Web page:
Join us every week for a trip into the weird and wonderful world of trailers. Whether it’s the first teaser for the latest instalment in your favourite franchise, an obscure preview for a strange indie darling, whether it’s good, bad, ugly or just plain weird – your favourite pop culture baristas are there to tell you what they think.
Last week it finally happened: A Damn Fine Cup of Culture was deemed too raunchy by Facebook. Okay, that may not be quite accurate – truth be told, we will probably never know why Facebook suddenly decided that we’d violated their T&Cs with the name of our page. Was it the “damn”? Was it that we made claims to the extraordinary quality of our cups of culture? Or was it something else entirely, like the wrong number of capitals? Anyway, we are now back on Facebook, complete with what some people might consider naughty words in our name. Let’s see what Mark Z comes up with next, shall we?
All of this happened on the same day that Sam posted another wonderful instalment of Six Damn Fine Degrees, in honour of two of the Grande Dames of dubbing: Marni Nixon, who featured in many a film musical without getting the credit she deserved, and Nikki van der Zyl, the woman who gave a voice to so many Bond girls. We can hear a (sadly, very small) handful of her lines dubbing Ursula Andress in the trailer for the Bond film that started it all, Dr. No.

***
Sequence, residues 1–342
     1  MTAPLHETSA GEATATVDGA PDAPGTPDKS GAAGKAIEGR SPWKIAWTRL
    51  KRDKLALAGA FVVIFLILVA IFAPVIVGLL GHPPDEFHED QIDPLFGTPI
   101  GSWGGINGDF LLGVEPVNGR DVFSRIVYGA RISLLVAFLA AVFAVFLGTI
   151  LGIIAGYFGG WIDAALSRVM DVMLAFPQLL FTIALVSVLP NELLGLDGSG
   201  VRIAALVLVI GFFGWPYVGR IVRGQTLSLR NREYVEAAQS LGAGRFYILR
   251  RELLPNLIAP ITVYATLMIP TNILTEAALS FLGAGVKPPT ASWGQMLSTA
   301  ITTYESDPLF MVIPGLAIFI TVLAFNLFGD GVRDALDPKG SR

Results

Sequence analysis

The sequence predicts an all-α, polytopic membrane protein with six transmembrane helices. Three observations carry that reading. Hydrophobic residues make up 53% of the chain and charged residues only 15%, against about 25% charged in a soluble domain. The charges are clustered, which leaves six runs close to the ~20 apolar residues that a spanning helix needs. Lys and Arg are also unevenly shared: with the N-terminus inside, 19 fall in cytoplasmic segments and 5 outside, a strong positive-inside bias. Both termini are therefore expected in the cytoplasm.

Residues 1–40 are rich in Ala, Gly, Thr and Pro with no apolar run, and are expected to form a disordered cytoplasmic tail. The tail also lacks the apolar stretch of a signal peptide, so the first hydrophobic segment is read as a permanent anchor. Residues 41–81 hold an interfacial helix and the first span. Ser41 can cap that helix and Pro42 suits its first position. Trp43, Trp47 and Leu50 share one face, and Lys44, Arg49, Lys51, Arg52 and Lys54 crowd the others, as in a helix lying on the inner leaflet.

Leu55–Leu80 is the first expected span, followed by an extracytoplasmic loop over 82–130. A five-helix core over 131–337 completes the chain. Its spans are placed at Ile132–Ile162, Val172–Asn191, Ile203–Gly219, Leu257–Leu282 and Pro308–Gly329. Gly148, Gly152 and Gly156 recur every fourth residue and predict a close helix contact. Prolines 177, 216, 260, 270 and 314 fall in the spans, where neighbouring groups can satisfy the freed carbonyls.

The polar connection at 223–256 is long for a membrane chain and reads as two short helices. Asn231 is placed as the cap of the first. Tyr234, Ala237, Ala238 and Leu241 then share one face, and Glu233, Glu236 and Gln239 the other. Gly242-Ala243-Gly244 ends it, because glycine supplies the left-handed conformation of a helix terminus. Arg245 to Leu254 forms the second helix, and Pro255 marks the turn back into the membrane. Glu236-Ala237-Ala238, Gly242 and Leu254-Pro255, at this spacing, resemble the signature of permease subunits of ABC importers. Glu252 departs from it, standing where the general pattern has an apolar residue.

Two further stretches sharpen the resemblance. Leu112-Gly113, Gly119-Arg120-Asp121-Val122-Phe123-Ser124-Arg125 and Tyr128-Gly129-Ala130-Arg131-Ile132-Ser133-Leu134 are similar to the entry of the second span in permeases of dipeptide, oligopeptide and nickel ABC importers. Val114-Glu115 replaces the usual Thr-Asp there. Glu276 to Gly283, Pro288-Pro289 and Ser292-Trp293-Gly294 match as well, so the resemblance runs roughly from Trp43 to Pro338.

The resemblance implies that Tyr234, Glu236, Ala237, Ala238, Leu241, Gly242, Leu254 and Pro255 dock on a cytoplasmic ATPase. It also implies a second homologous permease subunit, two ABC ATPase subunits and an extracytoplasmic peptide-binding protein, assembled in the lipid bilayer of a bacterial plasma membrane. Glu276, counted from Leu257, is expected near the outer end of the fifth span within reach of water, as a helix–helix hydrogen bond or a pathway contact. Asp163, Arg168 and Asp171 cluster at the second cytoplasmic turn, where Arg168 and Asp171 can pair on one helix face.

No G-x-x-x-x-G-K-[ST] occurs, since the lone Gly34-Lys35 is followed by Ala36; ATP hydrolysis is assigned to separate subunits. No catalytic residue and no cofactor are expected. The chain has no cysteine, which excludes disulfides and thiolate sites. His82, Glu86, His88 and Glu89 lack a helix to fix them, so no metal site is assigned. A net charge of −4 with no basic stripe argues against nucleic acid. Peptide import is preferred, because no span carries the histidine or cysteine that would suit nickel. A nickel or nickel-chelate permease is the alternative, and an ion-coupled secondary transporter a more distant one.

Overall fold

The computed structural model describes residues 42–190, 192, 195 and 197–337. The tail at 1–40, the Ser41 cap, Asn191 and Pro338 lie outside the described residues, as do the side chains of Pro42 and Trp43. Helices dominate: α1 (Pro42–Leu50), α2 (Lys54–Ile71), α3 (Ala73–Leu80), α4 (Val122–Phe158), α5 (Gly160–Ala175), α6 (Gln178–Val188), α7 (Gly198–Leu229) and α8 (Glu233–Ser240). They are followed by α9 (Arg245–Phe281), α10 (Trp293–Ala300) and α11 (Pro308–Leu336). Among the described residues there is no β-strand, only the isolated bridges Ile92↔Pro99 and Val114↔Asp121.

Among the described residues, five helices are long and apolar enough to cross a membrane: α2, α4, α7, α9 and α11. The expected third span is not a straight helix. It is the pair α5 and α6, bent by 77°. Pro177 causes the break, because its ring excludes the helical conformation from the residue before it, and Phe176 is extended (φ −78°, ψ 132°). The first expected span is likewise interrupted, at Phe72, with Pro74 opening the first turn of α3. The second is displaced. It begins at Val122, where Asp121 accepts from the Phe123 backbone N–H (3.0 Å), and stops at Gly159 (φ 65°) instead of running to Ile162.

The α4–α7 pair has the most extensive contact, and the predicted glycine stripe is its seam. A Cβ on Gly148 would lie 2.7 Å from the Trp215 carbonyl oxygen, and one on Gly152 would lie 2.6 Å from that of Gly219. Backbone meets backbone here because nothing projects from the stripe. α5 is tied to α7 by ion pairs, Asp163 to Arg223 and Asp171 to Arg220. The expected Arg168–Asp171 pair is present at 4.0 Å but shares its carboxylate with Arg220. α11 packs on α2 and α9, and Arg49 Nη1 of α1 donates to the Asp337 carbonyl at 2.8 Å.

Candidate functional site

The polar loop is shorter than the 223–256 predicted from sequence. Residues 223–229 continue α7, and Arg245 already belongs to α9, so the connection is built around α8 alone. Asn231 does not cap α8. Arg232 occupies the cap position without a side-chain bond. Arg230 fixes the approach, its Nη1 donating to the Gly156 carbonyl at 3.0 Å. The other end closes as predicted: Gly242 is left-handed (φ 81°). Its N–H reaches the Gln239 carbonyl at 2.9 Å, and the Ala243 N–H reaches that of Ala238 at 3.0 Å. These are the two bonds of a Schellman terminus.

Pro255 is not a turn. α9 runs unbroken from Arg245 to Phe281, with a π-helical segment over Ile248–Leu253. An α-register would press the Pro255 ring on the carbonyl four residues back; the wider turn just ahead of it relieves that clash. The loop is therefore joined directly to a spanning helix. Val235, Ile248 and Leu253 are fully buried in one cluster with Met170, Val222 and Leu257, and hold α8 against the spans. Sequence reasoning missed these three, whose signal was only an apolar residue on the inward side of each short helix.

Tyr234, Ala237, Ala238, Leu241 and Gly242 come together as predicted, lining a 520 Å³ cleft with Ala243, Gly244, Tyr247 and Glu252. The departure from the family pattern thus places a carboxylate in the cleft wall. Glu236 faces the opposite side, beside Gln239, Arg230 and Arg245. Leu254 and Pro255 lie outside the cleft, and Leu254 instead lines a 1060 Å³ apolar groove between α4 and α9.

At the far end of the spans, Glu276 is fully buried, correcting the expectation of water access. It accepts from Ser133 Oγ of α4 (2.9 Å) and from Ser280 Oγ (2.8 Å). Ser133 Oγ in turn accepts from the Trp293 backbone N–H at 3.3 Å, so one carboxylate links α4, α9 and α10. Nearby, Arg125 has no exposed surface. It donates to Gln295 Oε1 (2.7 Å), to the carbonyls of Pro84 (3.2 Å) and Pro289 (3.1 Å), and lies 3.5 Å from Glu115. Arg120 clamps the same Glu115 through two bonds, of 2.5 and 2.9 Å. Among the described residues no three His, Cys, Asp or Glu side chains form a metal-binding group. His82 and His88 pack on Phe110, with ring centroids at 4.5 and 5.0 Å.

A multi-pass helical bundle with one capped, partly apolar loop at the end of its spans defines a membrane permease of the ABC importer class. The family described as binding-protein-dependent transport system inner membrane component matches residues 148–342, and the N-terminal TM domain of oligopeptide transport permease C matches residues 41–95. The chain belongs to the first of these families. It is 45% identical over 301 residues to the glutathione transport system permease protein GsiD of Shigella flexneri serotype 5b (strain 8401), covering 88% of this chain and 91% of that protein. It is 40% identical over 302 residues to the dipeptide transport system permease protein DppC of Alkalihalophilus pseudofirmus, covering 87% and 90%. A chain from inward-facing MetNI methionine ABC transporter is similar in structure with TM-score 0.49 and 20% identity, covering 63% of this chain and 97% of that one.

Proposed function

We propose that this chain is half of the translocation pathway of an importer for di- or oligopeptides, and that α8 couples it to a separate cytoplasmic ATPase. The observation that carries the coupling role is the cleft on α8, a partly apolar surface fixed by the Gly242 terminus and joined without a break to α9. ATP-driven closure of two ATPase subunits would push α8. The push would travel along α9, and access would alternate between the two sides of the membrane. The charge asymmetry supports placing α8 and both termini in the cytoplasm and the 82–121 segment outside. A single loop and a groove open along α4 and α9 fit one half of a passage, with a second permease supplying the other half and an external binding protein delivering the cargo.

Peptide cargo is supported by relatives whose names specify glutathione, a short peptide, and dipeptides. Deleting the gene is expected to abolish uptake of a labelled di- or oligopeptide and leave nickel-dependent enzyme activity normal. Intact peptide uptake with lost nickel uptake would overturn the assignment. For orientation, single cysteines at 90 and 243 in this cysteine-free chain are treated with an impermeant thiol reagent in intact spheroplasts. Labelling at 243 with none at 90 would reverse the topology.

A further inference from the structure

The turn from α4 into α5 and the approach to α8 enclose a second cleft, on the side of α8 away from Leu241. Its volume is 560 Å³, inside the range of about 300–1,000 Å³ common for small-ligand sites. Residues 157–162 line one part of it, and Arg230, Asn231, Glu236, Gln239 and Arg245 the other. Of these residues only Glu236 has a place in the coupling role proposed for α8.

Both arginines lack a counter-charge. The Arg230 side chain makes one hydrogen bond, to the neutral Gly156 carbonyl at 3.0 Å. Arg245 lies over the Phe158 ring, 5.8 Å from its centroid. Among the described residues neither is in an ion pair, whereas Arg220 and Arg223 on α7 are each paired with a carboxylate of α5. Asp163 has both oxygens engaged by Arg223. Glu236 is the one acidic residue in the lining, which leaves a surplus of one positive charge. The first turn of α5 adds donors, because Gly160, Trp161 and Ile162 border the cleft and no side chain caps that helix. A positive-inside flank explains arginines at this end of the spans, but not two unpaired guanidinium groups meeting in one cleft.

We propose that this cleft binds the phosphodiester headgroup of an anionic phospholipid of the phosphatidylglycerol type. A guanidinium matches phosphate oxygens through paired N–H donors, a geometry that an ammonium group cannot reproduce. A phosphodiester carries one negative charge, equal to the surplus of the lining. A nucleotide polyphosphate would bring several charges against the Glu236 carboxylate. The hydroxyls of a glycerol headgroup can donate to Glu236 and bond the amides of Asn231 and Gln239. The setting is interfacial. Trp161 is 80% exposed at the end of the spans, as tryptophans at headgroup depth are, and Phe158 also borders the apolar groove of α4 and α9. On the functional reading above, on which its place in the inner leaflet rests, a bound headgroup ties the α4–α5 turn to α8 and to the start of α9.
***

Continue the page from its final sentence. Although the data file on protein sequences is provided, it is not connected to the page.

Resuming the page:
Over the last couple of weeks, we watched the 2017 Netflix series Alias Grace. It is a smart, stylish adaptation of Margaret Atwood’s novel, with strong writing by Sarah Polley and direction by Mary Harron (of American Psycho fame), and the acting is impeccable, especially when it comes to Sarah Gadon as the Irish maid Grace Marks who may or may not have helped murder her employer and his housekeeper. The series handles tone and genre well, navigating between historical drama, dry black comedy, true crime, gothic horror and deft commentary on gender, class truth and fiction.
And about halfway through the final episode I thought that Alias Grace isn’t all that different from that film with the robot.
2020 has been a year in which, more than ever, it’s been difficult to shake the feeling that we don’t have much agency over our lives. Things happen that are outside our control and we watch them happen, wondering if there ever was a moment when we were in charge of our everyday existence. Therefore it is probably no surprise that two recent high-profile sci-fi series tried to wrangle the theme of whether we live in a deterministic universe, even if they were both made before our sense of agency took its biggest knock in the shape of a nasty little virus: HBO’s Westworld and FX’s Devs, which was written and directed by Alex Garland.
Can a machine ever be truly intelligent? Can it have feelings? If a machine fakes these things convincingly enough, at what point does the appearance become the real thing? Whatever the answer, Hollywood tends to remind us that it’s a bad idea to fall for robots and AIs, however seductive they look and however much they sound like Scarlett Johansson. Ex Machina is not alone in dramatising the Turing Test, but Alex Garland’s first film as a director is definitely a striking addition to the genre.